But the attacks, the charges, and the numbers kept on going, and going, and going. And I kept thinking, “These were kids. Boys younger than me, younger than my siblings, way too young to be hurt and die. And their families didn’t know where they were, didn’t know how to find them, couldn’t get their bodies. They just kept running straight into bullets and bayonets when their superiors told them to. Is this what our government and our nation mean? That kids run to their deaths because the adults couldn’t figure out how to fix things?”

The signs and memorials around the battlefield made more sense then. If I had lost my friend, my brother, or my son, and his body had been left to decay in a cornfield, I wouldn’t want to team up with others and be part of a national memorial. I wouldn’t want him to be just a number. I’d want to remember him alone, remember where he was from, visit where he died.

Back at the office, I came across a published paper with a photograph of just one young soldier lying dead in front of a tree. I could see his face, and he was lying in the same position as my own child in his crib every night. Just thinking of the picture a week later, I’m crying again. How could we do this?

I’m not saying that the Civil War wasn’t worth fighting. We had almost a century after the nation’s founding to end slavery peacefully, and we couldn’t do it. There was too much money on the line. Millions of Black people saw their children ripped away, suffered, died, and never knew where to find the bodies of their families – that war started long, long before 1861.. Black lives matter. The lives of the 200,000 Black soldiers who fought for the Union mattered. The lives of the 4 million people who were emancipated mattered.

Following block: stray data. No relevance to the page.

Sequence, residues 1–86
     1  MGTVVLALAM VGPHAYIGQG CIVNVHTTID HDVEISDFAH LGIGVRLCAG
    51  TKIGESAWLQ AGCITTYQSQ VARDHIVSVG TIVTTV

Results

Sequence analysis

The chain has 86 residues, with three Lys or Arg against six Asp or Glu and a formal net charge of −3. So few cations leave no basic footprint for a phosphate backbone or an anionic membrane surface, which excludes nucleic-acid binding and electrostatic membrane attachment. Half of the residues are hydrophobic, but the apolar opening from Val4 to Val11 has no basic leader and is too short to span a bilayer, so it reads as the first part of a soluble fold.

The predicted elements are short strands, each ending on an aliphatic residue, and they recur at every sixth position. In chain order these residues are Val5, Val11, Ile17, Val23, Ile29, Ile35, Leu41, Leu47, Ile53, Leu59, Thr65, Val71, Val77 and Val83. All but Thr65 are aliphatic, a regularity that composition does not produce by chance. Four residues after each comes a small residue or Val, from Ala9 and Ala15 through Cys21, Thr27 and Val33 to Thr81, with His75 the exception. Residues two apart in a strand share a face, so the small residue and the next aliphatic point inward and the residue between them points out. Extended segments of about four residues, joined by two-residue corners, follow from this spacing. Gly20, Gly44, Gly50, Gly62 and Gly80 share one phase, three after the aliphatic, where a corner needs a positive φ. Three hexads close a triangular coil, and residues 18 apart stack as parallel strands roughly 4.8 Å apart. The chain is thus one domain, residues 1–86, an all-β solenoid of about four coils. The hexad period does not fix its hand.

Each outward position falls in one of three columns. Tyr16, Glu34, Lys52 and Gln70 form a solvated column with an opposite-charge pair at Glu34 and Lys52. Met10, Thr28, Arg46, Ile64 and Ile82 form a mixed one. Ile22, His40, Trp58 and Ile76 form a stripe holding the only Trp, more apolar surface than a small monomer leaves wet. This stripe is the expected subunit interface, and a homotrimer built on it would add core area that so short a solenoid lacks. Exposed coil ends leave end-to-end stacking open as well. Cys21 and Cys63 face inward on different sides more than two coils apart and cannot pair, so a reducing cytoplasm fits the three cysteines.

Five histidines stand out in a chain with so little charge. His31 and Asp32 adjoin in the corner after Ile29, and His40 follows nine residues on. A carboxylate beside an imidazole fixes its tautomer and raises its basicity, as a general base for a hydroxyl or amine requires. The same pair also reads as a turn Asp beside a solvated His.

But a trick of psychology is that personal connections affect us more than numbers can. That’s why Frederick Douglass, Harriet Jacobs, and other Black abolitionists wrote memoirs to bring home the horrors of slavery. Thinking of the soldier under the tree breaks my heart in that particular, human way. Being at Antietam gave me a visceral sense of the wrongness of war that I can’t shake.

In writing this, I’m looking for a way to make sense of this, to say “let’s remember together so we don’t make the same mistakes, so we don’t sacrifice children any more.” I’m looking for absolution through commemoration. In a personal way and a national one, I want the sadness and shock of Antietam to be transformative, to bring us through the hard stuff to a more enlightened place and into a better world.

But commemoration alone can’t absolve us or to protect us. The U.S. Army fought American Indians across the west in between the end of the Civil War and the beginning of memorials at Antietam under the War Department’s supervision in the 1890s. At Wounded Knee, Indian men, women, and children were buried in a mass grave, not unlike the fields of Antietam. We entered the Spanish American War later in the 1890s, fought four major wars in the 20th century, and still have troops on the ground in the Middle East. We didn’t come out of Antietam to a safe place. We’re not “good” now just because we remembered. Some of us were just lucky to be born at a different time. And some of us, adults and children, are not so lucky in this time either.